• There was a bug in the anti-virus solution. Anti-virus solutions are software. All software is susceptible to programming errors or bugs. The increasing complexity of software means that bugs may slip through development or testing, despite the best efforts of the developers. Apple still releases updates for Mac OS X that correct bugs in the operating system. You are just as likely to experience problems from bugs in Mac OS X or other third-party applications as an anti-virus solution. Installing software is a matter of trust, specifically that the developer has taken all necessary precautions to assure that the software is free of programming errors. Reputable software firms, such as anti-virus solution providers, take this responsibility seriously.
      • The only way to mitigate the potential for problems arising from any software is to implement a comprehensive Backup and Recovery solution and use it regularly, especially before installing any software or software updates. Either that, or stop using computers until the day arrives — if ever — when all software is perfect and bug-free.

    Install Mac OS X Security Updates

    Mac OS X Security Updates regularly address security exploits and should generally be installed when available. Two examples of how Security Updates have addressed potential exploits by malware and later became standard security features of Mac OS X are the following:

    • Security Update 2004-06-07 for Panther and Jaguar addressed the issue of detecting some types of malware. However, it did not address viruses, for which you need anti-virus software. This Security Update implemented a change to protect users from opening documents that could launch malware. The first time you double-click a document to be opened by a specific application, you receive an alert if you have not previously launched that application directly, i.e. by double-clicking the application's icon. The alert requires that you approve the launch of the application specified in the alert. This alert mechanism became a standard security feature of Mac OS X in Mac OS X 10.4 Tiger.
    • If you do not recognize the application the alert indicates will be launched, do not select Open in the alert dialog. Investigate the application to determine its origin and potential as malware.
    • Once you approve the launch of the application specified in the alert, no further alerts for that application will be seen unless you perform System cache cleaning. [1]
    • Security Update 2004-05-24 for Panther and Jaguar closed another potential malware exploit involving Help Viewer and, in the case of Jaguar, Terminal. This again became a standard security feature of Mac OS X starting with Tiger.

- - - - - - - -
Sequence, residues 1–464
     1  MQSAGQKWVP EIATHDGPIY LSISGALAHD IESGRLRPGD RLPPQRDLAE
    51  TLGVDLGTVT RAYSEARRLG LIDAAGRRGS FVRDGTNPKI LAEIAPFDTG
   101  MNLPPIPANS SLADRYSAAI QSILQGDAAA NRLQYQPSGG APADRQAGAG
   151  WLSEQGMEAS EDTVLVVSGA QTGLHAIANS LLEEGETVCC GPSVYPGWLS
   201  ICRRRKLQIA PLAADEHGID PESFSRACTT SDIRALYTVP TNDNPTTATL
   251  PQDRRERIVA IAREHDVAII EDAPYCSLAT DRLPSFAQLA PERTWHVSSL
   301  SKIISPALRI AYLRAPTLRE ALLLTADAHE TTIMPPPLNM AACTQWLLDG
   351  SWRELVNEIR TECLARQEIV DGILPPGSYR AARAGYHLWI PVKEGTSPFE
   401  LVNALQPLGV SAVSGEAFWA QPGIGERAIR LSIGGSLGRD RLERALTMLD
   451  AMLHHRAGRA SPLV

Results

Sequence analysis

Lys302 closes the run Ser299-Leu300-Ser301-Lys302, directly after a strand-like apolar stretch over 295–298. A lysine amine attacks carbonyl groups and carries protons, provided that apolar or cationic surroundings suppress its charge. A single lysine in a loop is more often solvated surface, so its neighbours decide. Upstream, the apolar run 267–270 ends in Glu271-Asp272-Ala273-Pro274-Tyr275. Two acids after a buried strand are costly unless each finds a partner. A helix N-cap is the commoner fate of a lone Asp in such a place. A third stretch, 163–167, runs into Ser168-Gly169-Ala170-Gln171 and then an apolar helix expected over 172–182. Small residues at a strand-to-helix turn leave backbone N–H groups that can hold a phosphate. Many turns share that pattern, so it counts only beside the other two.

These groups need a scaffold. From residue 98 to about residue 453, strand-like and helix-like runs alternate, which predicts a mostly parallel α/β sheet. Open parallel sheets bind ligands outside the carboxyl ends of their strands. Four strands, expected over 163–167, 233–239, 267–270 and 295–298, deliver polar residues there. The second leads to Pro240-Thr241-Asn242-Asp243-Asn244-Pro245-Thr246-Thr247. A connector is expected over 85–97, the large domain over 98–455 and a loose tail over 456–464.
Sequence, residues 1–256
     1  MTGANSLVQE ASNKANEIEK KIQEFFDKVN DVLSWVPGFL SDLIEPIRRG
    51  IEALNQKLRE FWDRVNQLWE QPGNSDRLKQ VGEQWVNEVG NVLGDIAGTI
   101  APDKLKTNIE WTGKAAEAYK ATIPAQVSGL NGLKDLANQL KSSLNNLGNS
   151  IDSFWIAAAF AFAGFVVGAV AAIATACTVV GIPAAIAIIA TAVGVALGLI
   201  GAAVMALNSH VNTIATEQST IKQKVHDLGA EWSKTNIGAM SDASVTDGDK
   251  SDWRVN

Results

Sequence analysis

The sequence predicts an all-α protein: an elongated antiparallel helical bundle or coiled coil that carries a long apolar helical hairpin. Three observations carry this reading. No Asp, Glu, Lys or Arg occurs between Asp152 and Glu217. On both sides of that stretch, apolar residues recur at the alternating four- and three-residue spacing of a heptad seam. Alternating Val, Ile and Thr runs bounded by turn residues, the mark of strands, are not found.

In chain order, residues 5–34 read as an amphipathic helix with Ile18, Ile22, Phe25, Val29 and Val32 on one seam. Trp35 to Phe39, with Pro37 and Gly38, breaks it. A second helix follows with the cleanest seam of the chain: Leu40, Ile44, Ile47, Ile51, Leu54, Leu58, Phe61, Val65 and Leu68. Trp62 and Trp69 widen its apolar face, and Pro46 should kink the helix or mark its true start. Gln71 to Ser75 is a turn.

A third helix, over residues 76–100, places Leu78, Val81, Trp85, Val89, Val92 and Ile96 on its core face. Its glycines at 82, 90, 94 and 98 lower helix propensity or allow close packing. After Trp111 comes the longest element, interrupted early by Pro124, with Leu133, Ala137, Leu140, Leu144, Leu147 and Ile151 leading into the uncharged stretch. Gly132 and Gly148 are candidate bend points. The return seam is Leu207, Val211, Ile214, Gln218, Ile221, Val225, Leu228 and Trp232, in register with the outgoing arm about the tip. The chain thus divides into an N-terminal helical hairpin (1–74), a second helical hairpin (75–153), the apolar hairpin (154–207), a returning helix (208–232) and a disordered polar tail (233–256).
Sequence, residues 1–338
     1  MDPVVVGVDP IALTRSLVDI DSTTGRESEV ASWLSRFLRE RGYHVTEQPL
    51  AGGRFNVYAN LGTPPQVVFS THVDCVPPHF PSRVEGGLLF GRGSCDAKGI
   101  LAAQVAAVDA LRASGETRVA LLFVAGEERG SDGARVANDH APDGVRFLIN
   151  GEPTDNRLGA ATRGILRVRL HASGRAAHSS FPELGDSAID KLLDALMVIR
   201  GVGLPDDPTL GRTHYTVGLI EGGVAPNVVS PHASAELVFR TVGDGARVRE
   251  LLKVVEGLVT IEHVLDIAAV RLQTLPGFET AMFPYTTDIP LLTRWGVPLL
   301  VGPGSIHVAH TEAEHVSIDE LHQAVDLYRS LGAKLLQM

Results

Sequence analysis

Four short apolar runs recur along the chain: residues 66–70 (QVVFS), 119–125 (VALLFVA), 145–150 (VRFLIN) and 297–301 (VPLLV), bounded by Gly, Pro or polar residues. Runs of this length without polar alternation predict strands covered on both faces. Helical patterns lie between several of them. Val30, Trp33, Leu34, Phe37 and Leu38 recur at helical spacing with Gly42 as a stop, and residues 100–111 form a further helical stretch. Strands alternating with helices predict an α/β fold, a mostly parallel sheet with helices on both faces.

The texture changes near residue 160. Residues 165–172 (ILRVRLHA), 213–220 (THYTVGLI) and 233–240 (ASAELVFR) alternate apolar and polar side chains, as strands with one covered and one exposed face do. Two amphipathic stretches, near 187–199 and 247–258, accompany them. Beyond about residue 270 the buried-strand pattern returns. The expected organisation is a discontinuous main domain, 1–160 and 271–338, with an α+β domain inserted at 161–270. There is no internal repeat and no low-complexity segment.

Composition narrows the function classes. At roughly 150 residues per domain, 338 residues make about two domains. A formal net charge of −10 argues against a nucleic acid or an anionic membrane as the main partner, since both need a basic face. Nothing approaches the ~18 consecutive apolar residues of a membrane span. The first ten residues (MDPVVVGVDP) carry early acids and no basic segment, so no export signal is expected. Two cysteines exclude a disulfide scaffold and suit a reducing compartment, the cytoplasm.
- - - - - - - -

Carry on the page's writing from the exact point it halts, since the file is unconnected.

Detecting and avoiding spyware

    Mac spyware exists. Spector was perhaps the first example of commercial spyware available for the Mac. Advertising-supported applications may also collect and disseminate your personal information without your knowledge. If you value your privacy, review the license agreement before installing or using any ad-supported application for information concerning how it protects your privacy. You may want to contact the application's developer to determine if an ad-supported application employs spyware.

    Applications are emerging to address the nascent market for detecting Mac spyware. These applications operate under the assumption that any application attempting to establish a network connection is potentially spyware. When an application attempts to establish a network connection, you are alerted. The alert identifies the application which requested a network connection, and gives you the option to permit or deny that application's request to establish a network connection on a one-time or permanent basis.

    Two such applications are:

    • Smith Micro® Internet Cleanup™: Smith Micro claims that this product detects spyware and enables you to remove it. While we have neither tested nor seen reviews of this application, its SpyAlert™ feature appears to monitor all connection attempts made by applications on your Mac, alerting you to these events and enabling you to decide which applications can establish network connections. Other functions of Internet Cleanup — popup and other ad blocking, cookie management, and history removal — are largely superfluous as these are provided in most modern browsers, including Safari and OmniWeb®. Likewise, it's Secure Delete™ feature is unnecessary if you are using Mac OS X 10.3 or later due to the Secure Empty Trash feature introduced in Panther.